Presentation on Education Issues
INTERIM COMMISSION TO STUDY FISCAL STABILITY
09:07 AM -- Call to Order - Opening Remarks from the Chair
Senator Heath, chair, called the meeting to order. He provided an overview of the agenda for the two-day meeting of the Long-term Fiscal Stability Commission, as well as the subsequent set of two-day meetings. The meetings will focus on the type of state the commission thinks Colorado should be and the associated role of government.
09:09 AM -- Presentation from Believe in a Better Colorado on Education Issues
Representatives from Believe in a Better Colorado came to the table to discuss education issues in the context of the state's long-term fiscal stability. Believe in a Better Colorado is an alliance among the state’s three largest K-12 education associations formed to inform public school employees and citizens about the need to more effectively invest in all essential public services. The representatives from the group in attendance were Jane Urschel, Colorado Association of School Boards; Karen Wick, Colorado Education Association; and Bruce Caughey, Colorado Association of School Executives. A copy of the group's power point presentation is provided as Attachment A. Mr. Caughey explained that Believe in a Better Colorado thinks the state needs to undergo tax reform to provide better public services.
Ms. Wick discussed the state's ranking in funding for public services, indicating that the state lags behind other states for many services. She stated that public funding per $1,000 in state personal income for both kindergarten through twelfth-grade (K-12) education and higher education ranked 48th in the United States. She also noted that Colorado ranked lower on other education-related measures, such as class size.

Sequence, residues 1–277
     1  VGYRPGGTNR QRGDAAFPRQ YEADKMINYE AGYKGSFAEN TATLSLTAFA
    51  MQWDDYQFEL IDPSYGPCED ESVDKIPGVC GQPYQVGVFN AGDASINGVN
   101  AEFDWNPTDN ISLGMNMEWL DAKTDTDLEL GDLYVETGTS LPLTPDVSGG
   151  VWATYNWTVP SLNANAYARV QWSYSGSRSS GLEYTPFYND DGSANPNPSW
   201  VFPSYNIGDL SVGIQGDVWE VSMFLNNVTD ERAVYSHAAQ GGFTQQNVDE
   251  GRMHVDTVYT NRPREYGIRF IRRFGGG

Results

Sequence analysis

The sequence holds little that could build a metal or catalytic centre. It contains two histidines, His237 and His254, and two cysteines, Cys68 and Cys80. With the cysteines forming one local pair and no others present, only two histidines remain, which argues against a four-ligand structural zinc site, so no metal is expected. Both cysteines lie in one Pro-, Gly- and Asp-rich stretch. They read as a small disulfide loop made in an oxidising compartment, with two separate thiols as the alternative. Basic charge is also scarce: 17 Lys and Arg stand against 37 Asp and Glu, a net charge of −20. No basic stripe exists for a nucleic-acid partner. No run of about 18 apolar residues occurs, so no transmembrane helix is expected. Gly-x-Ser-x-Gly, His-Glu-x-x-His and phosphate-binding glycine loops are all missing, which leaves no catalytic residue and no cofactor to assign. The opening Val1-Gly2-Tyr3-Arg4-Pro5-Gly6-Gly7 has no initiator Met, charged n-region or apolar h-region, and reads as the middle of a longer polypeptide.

Ms. Urschel discussed the state's low performance in graduating its residents from college, despite its high level of college graduates, many of whom have come from other states. She believed that the state needs to improve its entire educational system, from preschool to higher education. She did note that the state's efforts to evaluate student achievement are being modeled by other states.
Ms. Urschel continued by stating that FY 2010-11 is a critical year because the TABOR amendment's fiscal constraints to the state will still be in place, the Referendum C time-out will have expired, and Amendment 23's mandated percentage point funding increase above inflation will also expire. She urged the commission to meet with the school finance interim committee because of the strong nexus between the two committees. She also thought that the state needed to undergo fiscal reform because the state's constitutional fiscal provisions and formulas hinder the ability of the state's elected officials to govern effectively. She also stated that the provisions make it difficult for the state's different levels of government to share in the funding of services equitably.
Mr. Caughey discussed Amendment 23's effect on the state budget and funding for K-12 education. He stated that the intent of the amendment was to reverse the cuts to K-12 education in the 1990s. However, the amendment has acted more as a ceiling on education funding rather than the intended floor, and the state is still falling behind other states in funding.
Ms. Wick discussed the recent rankings in funding for education reported by the Census Bureau which included measures of federal, state, and local government funding. She indicated that the state's constitutional fiscal restraints had an adverse effect on funding for education.